Checking on Chertoff

Ever since President Bush nominated former Assistant Attorney General Michael Chertoff on Jan. 11, 2005 to be the new Secretary of the Department of Homeland Security, Chertoff has been widely viewed as a non-controversial nominee whose three previous Senate confirmations virtually guaranteed him a smooth confirmation.
However, a close look at Chertoff’s previousconfirmations, and his record as a prosecutor and head of the JusticeDepartment’s criminal division, reveal a much more complex—andcontroversial — record.
The Judicial Watch complaint
When the Senate Judiciary Committeeconsidered his nomination to the Third Circuit Court of Appeals on June9, 2003, Democrats on the committee stalled the head count after theconservative-leaning special interest group Judicial Watch raisedallegations of wrongdoing by Chertoff. The group claimed it had“important evidence concerning the misuse of organized crime operativesby the FBI and other government agencies” in New Jersey when Chertoffwas US attorney there from 1987 to 1994.
After a short interlude to explorethegroup’s charges, Chairman Sen. Orin Hatch (R-Utah) and RankingDemocrat, Sen. Patrick Leahy (D-Vt.), jointly stated they had“determined that there is no credible evidence linking Mr. Chertoffwith any of the wrongdoing alleged by Judicial Watch.” The vote washeld and six of the committee’s Democrats abstained. The full Senatevoted 88-1.
During those hearings, Leahy raised an issue that went to the heart of Chertoff’s conduct as a federal prosecutor.
In the matter of Chertoff’s prosecution ofUnited States v. Figueroa, Leahy noted that “at trial, you introducedhearsay testimony about the contents of a telephone call, withoutcalling a participant in the call as a witness, by representing to thedistrict court that the testimony was not offered to prove the truth ofthe matters asserted and was therefore not hearsay.”
Continuing, Leahy pointed out that “onappeal, the Second Circuit rejected that argument as ‘disingenuous’ andreversed the defendant’s conviction. The court found that you hadrelied upon the disputed evidence to supply ‘critical’ information toits case and had also relied upon the truth of the hearsay evidence inits summation. The court found that the government had violated theruling of one its prior cases, stating that ‘[t]he whole point of ourdecision in [the prior case] was to stop prosecutors from circumventingthe hearsay rule by the kind of atomization here sought to bedefended.’ A concurring judge even went so far as to describe yoursummation as ‘wholly inappropriate.’ ”
Chertoff responded, stating “I tried UnitedStates v. Figueroa several months after I was as sworn in as anassistant US attorney; it was my second trial as a prosecutor. Myinexperience led me to mishandle the introduction of hearsay testimony,and the subsequent argument relating to that testimony in summation.Needless to say, the reversal was an educational, and chastening,experience. With the benefit of time, my handling of evidentiary andother elements of trial practice became more surefooted.”
Chertoff emphasized that “I personally retried the defendant, who was again convicted. The conviction was affirmed on appeal.”
Responding to terrorism
As the chief architect of the Bushadministration’s legal response to terrorism, Chertoff chartedunexplored territory in the prosecutorial handling of both known andsuspected terrorists, and the government’s investigative powers.
While taking no official position onChertoff’s nomination, the American Civil Liberties Union (ACLU) hasmade its concerns about his conduct known. Gregory Nojeim, associatedirector of the ACLU Washington legislative office and chieflegislative counsel, said “we are troubled that [Chertoff’s] publicrecord suggests he sees the Bill of Rights as an obstacle to nationalsecurity, rather than a guidebook for how to do security properly.”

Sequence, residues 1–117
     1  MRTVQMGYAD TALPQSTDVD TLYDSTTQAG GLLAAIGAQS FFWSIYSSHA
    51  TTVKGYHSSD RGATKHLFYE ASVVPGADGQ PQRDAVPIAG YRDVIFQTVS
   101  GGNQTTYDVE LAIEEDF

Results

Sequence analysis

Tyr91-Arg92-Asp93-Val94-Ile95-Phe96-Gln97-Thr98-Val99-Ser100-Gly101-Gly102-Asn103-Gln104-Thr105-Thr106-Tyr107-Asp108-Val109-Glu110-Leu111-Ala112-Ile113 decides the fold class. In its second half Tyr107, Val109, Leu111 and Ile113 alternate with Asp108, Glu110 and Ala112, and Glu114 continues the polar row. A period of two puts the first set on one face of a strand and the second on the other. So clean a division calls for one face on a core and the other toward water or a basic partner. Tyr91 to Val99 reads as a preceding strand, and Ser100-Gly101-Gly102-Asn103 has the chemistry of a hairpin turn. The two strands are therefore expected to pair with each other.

Nojeim said Chertoff “has been a vocalchampion of the Bush administration’s pervasive belief that theexecutive branch should be free of many of the checks and balances thatkeep it from abusing its immense power over our lives and liberty.”
Two reports by the Justice Department’sInspector General were sharply critical of the department’s use ofrarely enforced and minor immigration violations to hold non-citizensin the wake of the 9/11 attacks for as long as possible, without bailor access to a lawyer. More than 700 illegal immigrants were locked upafter the Sept. 11 attacks, most of whom turned out to have noconnections to terrorism.
Chertoff reminded Congress, however, that“let’s be clear, those are people who have essentially overstayed theirwelcome in this country … They don’t belong here.”
Chertoff oversaw the changing of JusticeDepartment policy to allow the FBI to infiltrate religious andpolitical gatherings with undercover agents; the federal Bureau ofPrisons’ rule change that permits federal agents to eavesdrop onpreviously confidential attorney-client conversations; and the“voluntary” dragnet interviews of thousands of Arabs and Muslims livingin the United States.
Responding to internal government concernsthat important terror suspects would slip out of the country, Chertoffreinterpreted the “Material Witness Statute” by declaring suspectedterrorists to be “material witnesses” so that they could be locked upwithout having to charge them with a crime.
Chertoff employed this same tactic as afederal prosecutor in New Jersey to get convictions of the leaders ofthe Genovese, Colombo and Lucchese crime families, and a captain of theBonanno crime syndicate.
In a report on the use of this radical new tactic in the war on terror, though, the New York Timeson Aug. 19, 2004 said “scholars and critics say the government hasradically reinterpreted what it means to be a material witness inrecent years. These days, people held as material witnesses interrorism investigations are often not called to testify againstothers; instead, frequently they are charged with crimes themselves.They lack constitutional protections like the requirement that criminalsuspects in custody be informed of their Miranda rights. Moreover, theyare often held for long periods in the same harsh conditions as thosesuspected of very serious crimes.”
The New York Times storycontained the account of someone who was held as a material witness forsixteen months without being asked to testify or charged with a crime.
In the prosecution of John Walker Lindh, whowas sentenced to 20 years in prison for fighting on the side of theTaliban in Afghanistan, Democrats chided Chertoff at his confirmationhearing for the Court of Appeals for allowing the FBI to interviewLindh without his attorney being present. His family had hired a lawyerto represent him.
Chertoff speaks
Speaking to the American Bar Association in2002, Chertoff said “we are in a time of war. If you step back and lookat the total picture, the government has been very restrained.”Nevertheless, Chertoff stated “we owe it to ourselves to get as closeto [the Al Qaeda terror] network as possible as we can. And that meansusing techniques that may be unfamiliar. They may be uncomfortable, butthey are well within the Constitution.”